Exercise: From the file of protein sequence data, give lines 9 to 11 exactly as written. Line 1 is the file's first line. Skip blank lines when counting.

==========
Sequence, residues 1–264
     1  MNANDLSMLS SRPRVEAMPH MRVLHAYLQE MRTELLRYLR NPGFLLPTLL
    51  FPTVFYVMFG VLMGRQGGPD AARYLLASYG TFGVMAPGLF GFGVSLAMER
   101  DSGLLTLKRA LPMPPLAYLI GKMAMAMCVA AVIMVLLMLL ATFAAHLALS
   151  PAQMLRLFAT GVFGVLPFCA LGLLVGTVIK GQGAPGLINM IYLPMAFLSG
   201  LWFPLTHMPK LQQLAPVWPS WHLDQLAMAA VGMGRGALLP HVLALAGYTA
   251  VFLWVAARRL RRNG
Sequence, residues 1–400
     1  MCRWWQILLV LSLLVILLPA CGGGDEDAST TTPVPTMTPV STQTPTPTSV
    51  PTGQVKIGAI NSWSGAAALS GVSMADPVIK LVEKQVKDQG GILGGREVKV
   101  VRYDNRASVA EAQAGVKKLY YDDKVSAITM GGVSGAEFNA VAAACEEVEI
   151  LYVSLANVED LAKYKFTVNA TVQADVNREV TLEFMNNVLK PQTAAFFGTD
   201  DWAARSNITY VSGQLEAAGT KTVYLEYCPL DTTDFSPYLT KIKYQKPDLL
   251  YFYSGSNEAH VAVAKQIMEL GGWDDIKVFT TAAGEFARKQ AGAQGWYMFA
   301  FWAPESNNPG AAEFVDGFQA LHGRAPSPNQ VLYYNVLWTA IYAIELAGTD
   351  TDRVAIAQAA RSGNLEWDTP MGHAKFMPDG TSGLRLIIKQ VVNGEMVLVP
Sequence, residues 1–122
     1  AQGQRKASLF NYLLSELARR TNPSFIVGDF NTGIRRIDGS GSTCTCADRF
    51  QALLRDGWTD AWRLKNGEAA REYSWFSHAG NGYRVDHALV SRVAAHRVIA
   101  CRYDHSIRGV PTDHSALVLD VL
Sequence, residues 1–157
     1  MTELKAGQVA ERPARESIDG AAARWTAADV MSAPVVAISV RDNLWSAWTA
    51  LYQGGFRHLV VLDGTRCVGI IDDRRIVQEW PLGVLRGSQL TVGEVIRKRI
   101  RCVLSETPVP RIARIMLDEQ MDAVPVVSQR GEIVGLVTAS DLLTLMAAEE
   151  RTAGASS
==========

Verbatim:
     1  MCRWWQILLV LSLLVILLPA CGGGDEDAST TTPVPTMTPV STQTPTPTSV
    51  PTGQVKIGAI NSWSGAAALS GVSMADPVIK LVEKQVKDQG GILGGREVKV
   101  VRYDNRASVA EAQAGVKKLY YDDKVSAITM GGVSGAEFNA VAAACEEVEI